I’ve been trying to understand why this hit me so hard, and I think it’s that I have followed her career for decades. I’ve liked everything she’s done, and think she’s massively talented and brave. So this isn’t some public figure I’ll never think about or seek out in my life. This is someone whose name I will think of often. And for me, the particular name chosen is worse than, for example, “Karen”, because it has all of the negative references that Karen does but also an undercurrent of weaponizing femininity itself. (For me. Again, I know this is my personal association with the name.) Every Suzy I know personally is the exact opposite of Izzard. To me, if someone else referred to her with that name, I would assume they were being insulting.
I just can’t seem to shake it. Of course, I will have to figure out how to associate such a negative name with such a wonderful person. It’s my problem.
I should probably mention that one of my children changed her name as an adult. Changing one’s name to fit one’s self better is not something I’m against in any way. I just have a knee-jerk reaction to that particular name.
It’s been an interesting conundrum to realize this. Having such a strong personal reaction hit me out of left field. It’s none of my business, but I still reacted.
ETA: I totally forgot: I also changed my name in my 30s. And I think I got it partly right and partly wrong. Not sure if that’s connected or not.
While this story is depressing and distressing in how a small group of bigots can clog up the courts and the media with their hate, there is good news. It’s not just that the courts rejected their bigotry in favour of the child’s position (and the parents), it’s that they explicitly called out the transphobic slur of “transgenderism “ as inappropriate language to have levelled in court.
As an aside watching videos of rhe creepy family being dragged out screaming and one arrested (and refusing bail, which would have been signing a form saying “I won’t be an arsehole”) was mildly satisfying.
Not as satisfying as a resounding judgment in favour of inclusion and support though.
This brings a memory of playing a board game with the kids many years ago where my youngest got a card asking “If you were the opposite gender, what would your name be?” Without hesitation, the answer came out “Morgan.” Well, many years later, guess what?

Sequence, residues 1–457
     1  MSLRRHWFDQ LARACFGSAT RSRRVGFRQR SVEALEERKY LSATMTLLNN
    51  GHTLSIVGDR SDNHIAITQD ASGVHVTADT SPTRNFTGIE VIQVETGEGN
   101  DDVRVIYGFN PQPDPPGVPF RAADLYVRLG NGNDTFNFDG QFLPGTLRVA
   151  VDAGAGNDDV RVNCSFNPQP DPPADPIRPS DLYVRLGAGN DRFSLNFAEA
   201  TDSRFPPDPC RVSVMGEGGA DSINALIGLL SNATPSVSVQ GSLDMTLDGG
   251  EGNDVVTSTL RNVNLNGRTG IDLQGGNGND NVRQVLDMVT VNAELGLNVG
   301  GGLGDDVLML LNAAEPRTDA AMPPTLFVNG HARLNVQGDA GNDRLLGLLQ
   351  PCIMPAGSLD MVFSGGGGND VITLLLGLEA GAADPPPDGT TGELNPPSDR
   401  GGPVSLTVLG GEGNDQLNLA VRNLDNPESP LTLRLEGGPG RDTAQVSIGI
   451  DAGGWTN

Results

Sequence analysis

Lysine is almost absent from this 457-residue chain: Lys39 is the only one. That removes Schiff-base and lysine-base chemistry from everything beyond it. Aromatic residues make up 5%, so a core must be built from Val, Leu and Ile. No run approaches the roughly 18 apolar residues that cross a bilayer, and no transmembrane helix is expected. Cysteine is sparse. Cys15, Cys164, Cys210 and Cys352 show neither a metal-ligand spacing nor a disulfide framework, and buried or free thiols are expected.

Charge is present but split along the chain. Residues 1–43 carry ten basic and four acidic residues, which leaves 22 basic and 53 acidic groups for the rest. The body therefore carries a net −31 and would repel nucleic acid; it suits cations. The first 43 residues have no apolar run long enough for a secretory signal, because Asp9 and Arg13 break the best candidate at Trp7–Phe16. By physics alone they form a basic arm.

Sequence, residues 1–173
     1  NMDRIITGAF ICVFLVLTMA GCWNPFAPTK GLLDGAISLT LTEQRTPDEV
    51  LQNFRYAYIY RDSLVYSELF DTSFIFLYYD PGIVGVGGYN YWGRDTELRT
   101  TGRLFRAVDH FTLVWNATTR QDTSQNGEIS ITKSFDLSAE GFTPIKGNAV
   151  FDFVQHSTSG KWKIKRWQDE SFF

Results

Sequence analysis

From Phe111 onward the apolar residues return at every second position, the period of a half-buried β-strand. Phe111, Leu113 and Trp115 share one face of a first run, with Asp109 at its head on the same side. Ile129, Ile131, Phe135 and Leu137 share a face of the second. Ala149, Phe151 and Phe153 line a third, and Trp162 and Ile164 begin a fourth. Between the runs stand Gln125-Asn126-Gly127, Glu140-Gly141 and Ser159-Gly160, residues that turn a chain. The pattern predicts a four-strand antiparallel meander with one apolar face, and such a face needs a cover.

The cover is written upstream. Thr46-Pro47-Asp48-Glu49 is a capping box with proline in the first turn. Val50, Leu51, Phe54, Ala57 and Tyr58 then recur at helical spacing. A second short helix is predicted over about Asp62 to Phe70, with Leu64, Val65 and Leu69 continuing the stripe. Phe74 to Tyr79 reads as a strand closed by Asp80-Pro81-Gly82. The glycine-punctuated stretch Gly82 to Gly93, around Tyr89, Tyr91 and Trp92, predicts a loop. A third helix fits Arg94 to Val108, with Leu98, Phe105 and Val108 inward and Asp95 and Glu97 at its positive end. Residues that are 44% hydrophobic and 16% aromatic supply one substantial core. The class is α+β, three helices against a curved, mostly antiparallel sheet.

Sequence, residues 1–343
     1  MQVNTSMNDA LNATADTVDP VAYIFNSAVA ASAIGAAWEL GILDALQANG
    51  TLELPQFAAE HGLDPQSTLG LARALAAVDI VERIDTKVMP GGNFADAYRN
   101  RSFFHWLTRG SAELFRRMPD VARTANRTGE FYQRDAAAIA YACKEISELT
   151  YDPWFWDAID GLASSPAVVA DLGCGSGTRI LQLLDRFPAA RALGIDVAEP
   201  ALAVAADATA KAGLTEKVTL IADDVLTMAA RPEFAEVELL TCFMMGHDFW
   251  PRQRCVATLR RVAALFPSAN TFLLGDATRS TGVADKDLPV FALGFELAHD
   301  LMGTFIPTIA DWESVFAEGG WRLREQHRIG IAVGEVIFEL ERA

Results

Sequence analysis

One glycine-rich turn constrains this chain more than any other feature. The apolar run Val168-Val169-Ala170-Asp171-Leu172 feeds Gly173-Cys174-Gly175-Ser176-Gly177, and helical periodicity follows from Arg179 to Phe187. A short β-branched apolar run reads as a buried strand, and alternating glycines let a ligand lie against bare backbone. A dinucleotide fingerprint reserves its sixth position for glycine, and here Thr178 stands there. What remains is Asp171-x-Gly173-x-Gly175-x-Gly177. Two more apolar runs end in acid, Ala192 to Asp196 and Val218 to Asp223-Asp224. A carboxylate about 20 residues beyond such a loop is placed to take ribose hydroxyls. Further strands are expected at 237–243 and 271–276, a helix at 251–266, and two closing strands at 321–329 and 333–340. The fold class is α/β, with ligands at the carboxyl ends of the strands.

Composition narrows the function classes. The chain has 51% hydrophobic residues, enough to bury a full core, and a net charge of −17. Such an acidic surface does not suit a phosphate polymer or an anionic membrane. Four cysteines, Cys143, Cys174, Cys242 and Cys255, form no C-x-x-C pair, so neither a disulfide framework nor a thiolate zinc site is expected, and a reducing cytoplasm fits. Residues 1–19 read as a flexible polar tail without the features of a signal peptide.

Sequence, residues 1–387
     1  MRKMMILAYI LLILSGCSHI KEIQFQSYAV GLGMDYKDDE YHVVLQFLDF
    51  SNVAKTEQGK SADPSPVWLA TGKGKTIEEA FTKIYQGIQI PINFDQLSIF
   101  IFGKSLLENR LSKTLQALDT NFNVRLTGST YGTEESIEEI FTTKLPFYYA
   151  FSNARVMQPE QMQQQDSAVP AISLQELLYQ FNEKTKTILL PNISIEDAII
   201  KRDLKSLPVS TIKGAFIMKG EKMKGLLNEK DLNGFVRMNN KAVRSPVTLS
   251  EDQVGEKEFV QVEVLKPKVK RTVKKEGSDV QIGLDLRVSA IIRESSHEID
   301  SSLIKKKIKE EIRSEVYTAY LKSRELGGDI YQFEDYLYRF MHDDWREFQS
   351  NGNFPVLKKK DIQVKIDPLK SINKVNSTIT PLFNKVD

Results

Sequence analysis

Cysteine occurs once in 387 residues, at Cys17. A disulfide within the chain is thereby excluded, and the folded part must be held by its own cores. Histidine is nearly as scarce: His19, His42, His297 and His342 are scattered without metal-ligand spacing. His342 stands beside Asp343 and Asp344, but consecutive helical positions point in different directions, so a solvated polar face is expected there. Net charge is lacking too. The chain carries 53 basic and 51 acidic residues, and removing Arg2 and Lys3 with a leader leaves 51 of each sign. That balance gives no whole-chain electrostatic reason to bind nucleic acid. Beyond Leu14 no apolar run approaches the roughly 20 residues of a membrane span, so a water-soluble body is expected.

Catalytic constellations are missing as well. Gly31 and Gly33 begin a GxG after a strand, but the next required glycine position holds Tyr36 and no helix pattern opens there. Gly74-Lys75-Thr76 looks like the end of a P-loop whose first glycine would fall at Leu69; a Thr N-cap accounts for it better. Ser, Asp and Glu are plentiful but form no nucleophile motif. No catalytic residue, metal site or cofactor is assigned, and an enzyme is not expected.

My kid who changed her name as an adult, she also spent her childhood knowing that the name she was given wasn’t right for her, but knowing what to change it to took many years. Your kid obviously knew who they were (on some level) right from the get-go.
I think a lot of us try out names and things with games. It’s low risk and easy enough to explain away (e.g. why would I, a cishet male, want to look at a guy for hours when I could be looking at a girl). I’ve used Anna or variations for years in video games, it makes sense that I would want to use that name now that I’m taking it out of the virtual world into meatspace.
I think I’ve shared this before and, if so, I apologize, but I think it’s cool that the university campus where I work has these up to remind people to be courteous and respect other peoples’ preferred pronouns.
And I know this may be oversimplifying by me but some of it just does come down to courtesy. If you introduce yourself and tell me your name it would be rude of me to arbitrarily call you something else that I thought suited you better. The same goes with personal pronouns–emphasis on the personal.
Spent lunchtime in a video conference updating UVA’s gender affirming surgery program. We now have a comprehensive care program in full swing, with a roughly 2 year wait list for surgeries. Apparently drawing from across the country, since there are so few (he was able to call to mind 3 others) centers that offer comprehensive care. Thing that I found most interesting is that, although surgical services are not offered to minors, it is the peds urology dept and surgeons doing the procedures. It is the peds endocrine dept doing hormonal therapy. It is peds psych doing he evals and clearances. Almost like pediatricians are willing to go to bat for their patients! I am proud of what we have here.
And negate so many of the awful ideas responsible for the suffering of cis people. That is extra scary. They cannot admit they were wrong because it means they suffered for nothing.
Transgender people, and our acceptance of them, have the capacity to change our entire society